The gas tank is suspended with two hanger straps. On later model 2nd gens they are hinged at the front side and bolted through the rear side. You can place a piece of wood on a jack and generally support the gas tank as you remove the bolts. If your gas tank is empty it will be surprisingly light, and the fuel filler neck will actually prevent it from dropping on your head, as well as the straps themselves, which are surprisingly strong springs. One enterprising board member even supported the tank with his legs while he loosened the bolts.
With the bolts removed, and paying close attention to the fuel filler neck so as not to damage it, slide the tank down and towards the front of the car. You will have to push against the gas tank hangers. Be sure to keep the strap pads that may come off.
Now that you have the gas tank out, this is an excellent time to look for a build sheet- which is often tucked up there. You can also take a paint stripper to the gas tank and clean things up a bit.
Unbolt the shock absorbers and remove them from the car. If they're a bit hard to get out, remember they can be compressed by hand. Wd40 on the upper bolts helps a lot- mine were rusted pretty good.
Now, loosen the bolts on the rear shackles. The lower of the two is usually fairly easy to loosen. The upper one is not! wd40 and a breaker bar along with a 6 point socket will do the trick here. If the nuts are rusted, a 17mm socket is just a touch smaller than the 11/16" they're supposed to be. If the nut is completely hopeless, then you can resort to a sawzall and/or an oxy cutter. Having attempted the sawzall approach without dropping the gas tank let me be the first to tell you that it is more trouble than it's worth. You will be picking molten rubber out of your teeth and will probably do more damage to the sawzall blades than anything else. An oxy cutter might be more successful, but I wouldn't try that without removing the gas tank first anyway!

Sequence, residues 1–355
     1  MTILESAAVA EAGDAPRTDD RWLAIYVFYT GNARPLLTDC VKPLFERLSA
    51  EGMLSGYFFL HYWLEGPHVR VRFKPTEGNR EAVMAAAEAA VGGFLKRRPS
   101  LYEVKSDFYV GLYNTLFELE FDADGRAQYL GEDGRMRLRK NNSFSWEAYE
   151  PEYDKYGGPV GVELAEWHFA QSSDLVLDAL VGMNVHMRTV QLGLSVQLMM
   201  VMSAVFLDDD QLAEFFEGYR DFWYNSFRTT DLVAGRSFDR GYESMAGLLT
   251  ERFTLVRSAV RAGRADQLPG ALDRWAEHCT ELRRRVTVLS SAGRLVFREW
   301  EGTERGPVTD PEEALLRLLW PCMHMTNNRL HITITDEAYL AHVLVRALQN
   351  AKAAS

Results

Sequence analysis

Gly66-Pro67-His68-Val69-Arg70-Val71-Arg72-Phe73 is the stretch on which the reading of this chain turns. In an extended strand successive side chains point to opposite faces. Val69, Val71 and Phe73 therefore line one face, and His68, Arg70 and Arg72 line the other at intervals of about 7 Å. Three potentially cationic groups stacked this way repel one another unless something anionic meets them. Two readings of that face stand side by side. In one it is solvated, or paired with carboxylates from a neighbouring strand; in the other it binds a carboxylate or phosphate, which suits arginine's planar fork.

With both nuts loosened but not removed, place a jack stand under the axle on the side you're working on. Remove the spring retaining plate nuts. These were fairly easy to remove on my car, but wd40 and a breaker bar again are the tool of choice. With the Hotchkis kit, knock the T-bolts and U bolts off the car, otherwise, leave them alone.
Support the axle and move onto the front spring perch. Try to get some oil in the frame over the bolts - it can save you a lot of time and trouble if you can get these bolts out without breaking any of the nut clips. When you inevitably do break one, simply grind or cut the head off the bolt and move on. With all 3 bolts out the spring perch should stay attached to the frame - there's a sort of notch that it tucks into until you shift the spring forward.
Remove the nuts from the rear shackles completely and place a jack stand under the spring. When you remove the two sides of the shackle the spring should drop down onto the jack stand - be careful that you don't brain yourself. If the rubber bushings give you any trouble coming out, wd40 is the trick again.